Bahitsu leaps to his feet as Haoto explains the blizzard to Fushoku, who's familiar enough with it to indicate that his precursor had experienced the hated weather phenomenon blowing around the new building. "Stanley, what the heck are you doing out in this weather?" Bahitsu gasps in an unusually serious tone as he shovels the snow out of the doorway so he can get the door closed again.

"He's just hungry, I think," Fushoku almost giggles.

"As I woke up, I realized you weren't here for the first winter after the battle," Stanley gasps, "You were born grown up and all, I didn't know if you could handle it." As he notes the haibane, all sporting sweaters and footwear, are not bundled up as much as he is.

Bahitsu is beating on the man's outer clothes to remove the snow. At the top of his mind are the high latent heat values of water, and what that will do to the room's already scant comfort and his skimpy budget of stove fuel. Less wood than Amon Diin has must last all of Glie for the whole winter, although Bahitsu has no idea where that thought came from.*

"Breakfast?" Haoto offers his untouched plate with its little pile of scrambled eggs, pair of cute little sausages and two big pancakes that seem to be trying to push its greasier companions off the edge. "I can make another for myself," Haoto says.

"It's," Stanley gasps as he pulls off his hood, "actually above the freezing point in here?"

"Not by much since you got here," Bahitsu says. He lands a hand gruffly on the man's shoulder and says, "Eat up, maybe you'll give us a fart or two."

Bahitsu's backup plan to keep Stone Mill's residents warm was to isolate the little "dining hall", a common area designed to seat no more than eight people. Crammed into it are six teen-sized haibane, a huffing middle-aged human, enough clothes to keep all of them warm at thirty below, and the upended small hydro generator decorated with the outer coats of all the haibane, some of which sport patches and scars telling of adventures with the unfinished thing's loose wires and sharp edges.

Stanley's not-yet-uttered decision to turn down Haoto's breakfast is undone by the sizzling sound of freshly scrambled eggs landing in the pan on the stove. Bahitsu guides the man into Haoto's vacated seat almost like a cop introducing a suspect to the interrogation room. Reluctantly, Stanley accepts the clean chopsticks from Fushoku's pale fingers and starts into it with his winter gloves still on, surprising a couple of the haibane with his practiced dexterity.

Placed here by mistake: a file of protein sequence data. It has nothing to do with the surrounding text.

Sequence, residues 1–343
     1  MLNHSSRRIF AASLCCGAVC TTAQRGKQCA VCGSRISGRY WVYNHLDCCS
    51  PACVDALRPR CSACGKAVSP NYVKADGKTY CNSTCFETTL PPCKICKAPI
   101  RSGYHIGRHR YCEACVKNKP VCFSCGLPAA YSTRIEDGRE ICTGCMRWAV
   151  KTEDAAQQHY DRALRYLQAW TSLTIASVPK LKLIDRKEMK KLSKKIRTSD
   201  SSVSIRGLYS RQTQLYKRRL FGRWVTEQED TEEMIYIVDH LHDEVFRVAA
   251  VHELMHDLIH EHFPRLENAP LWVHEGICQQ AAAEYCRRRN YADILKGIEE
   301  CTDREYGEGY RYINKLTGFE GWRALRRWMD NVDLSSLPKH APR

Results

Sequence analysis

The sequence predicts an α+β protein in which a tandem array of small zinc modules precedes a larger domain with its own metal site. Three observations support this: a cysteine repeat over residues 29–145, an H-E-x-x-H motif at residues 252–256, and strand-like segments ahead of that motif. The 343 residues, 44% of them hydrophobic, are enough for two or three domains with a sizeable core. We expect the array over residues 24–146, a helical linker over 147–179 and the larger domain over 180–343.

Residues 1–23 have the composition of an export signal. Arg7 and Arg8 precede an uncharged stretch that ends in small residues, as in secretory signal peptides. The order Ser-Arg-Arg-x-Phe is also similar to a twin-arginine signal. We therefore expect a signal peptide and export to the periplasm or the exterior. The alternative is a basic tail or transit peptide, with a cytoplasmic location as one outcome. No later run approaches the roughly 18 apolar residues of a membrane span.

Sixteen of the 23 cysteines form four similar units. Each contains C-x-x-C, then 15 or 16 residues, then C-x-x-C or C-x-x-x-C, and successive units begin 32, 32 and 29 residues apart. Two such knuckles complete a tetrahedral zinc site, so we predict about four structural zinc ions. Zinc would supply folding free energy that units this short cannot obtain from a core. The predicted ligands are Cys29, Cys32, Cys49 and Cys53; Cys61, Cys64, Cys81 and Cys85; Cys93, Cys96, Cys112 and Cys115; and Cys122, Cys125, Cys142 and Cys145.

"What was that first winter like?" Fushoku asks.

"Awful," Stanley says, "Just awful. Worse than this," he utters ruefully, "not even counting the battle. I was just a kid, with the first Flight Well group during the battle, I went with my parents to the Flight Well, then my parents went out to investigate what was going on. I never saw them again. Then, just two days after the battle, the first blizzard hits. It was horrible, just one after the other, with a rhythm, every three days, but they somehow went around the Saturdays."

The haibane are somber as the story continues.

"I remember seeing the children with the red triangles pushing the snow away from our paths. That was all they did ... push snow. I could sometimes see little sparkles in the path after they had gone by ... little glow-in-the-darks like your halos." He recalls, "Keepsie the wheelmaster was one of them. Janice explained to me after that Kasei and the other humans, including myself ... I had that attitude as well ... would not let them eat if they did not work. They were sick, ill from some sort of enemy poison..." He winces with guilt, "Janice told me that God sent the snow ... blizzard after blizzard after blizzard ... so that these sick people had work to do that wouldn't spread their poison to us."

The haibane are horrified at the story.

Stanley finally pulls off a glove and points a finger at Fushoku, "Harsh justice it was: most of us who weren't sick found nothing we could do during these blizzards ... and we went hungry those days we could not work."

"But," one of the other haibane point out, "We still have that rule. You don't eat if you don't work. It's a good rule."

"Yes," Stanley says, "but not to the exclusion of the sick and the children, and those days like today when working simply isn't possible because of the weather."

"It's okay," Fushoku says, "You are a good leader now."

Haoto, haibane the longest at three years, at least among those at the table, says, barely above a whisper, "No wonder Shiden was so quiet about that time."

"Come," Fushoku says with cheer, "Now that it's warm enough in here, let's put another mile of wire on this thing," indicating the hydro generator. The haibane assume their positions, one to turn the generator like a top, and two to paint bare wire as it leaves the coil with an insulating lacquer that ensures it doesn't short to itself as it is coiled. It takes three haibane just to play the wire onto the stator: two to lift and manipulate the increasingly heavy device, and a third to actually guide the wire. The other three busy themselves preparing it.

Siezing his opportunity, Stanley dons his gloves and takes the generator. Being full grown and stronger, he is able to do the flips and turns of the generator single handedly much faster than the two boys, who bundle up and go outside to push snow with their shovels.

[*Lord of the Rings: Amon Dîn is one of the beacons of Minas Tirith, a bonfire relay telegraph to send a distress signal from Gondor to Rohan in a couple of hours, rather than the normal three days' gallop of a courier. Doubtless this recollection pegs Bahitsu's precursor as otaku no Tolkien!]

Next: Rise of Glie Chapter 22: A Troubled Youngster

Back to Rise of Glie main directory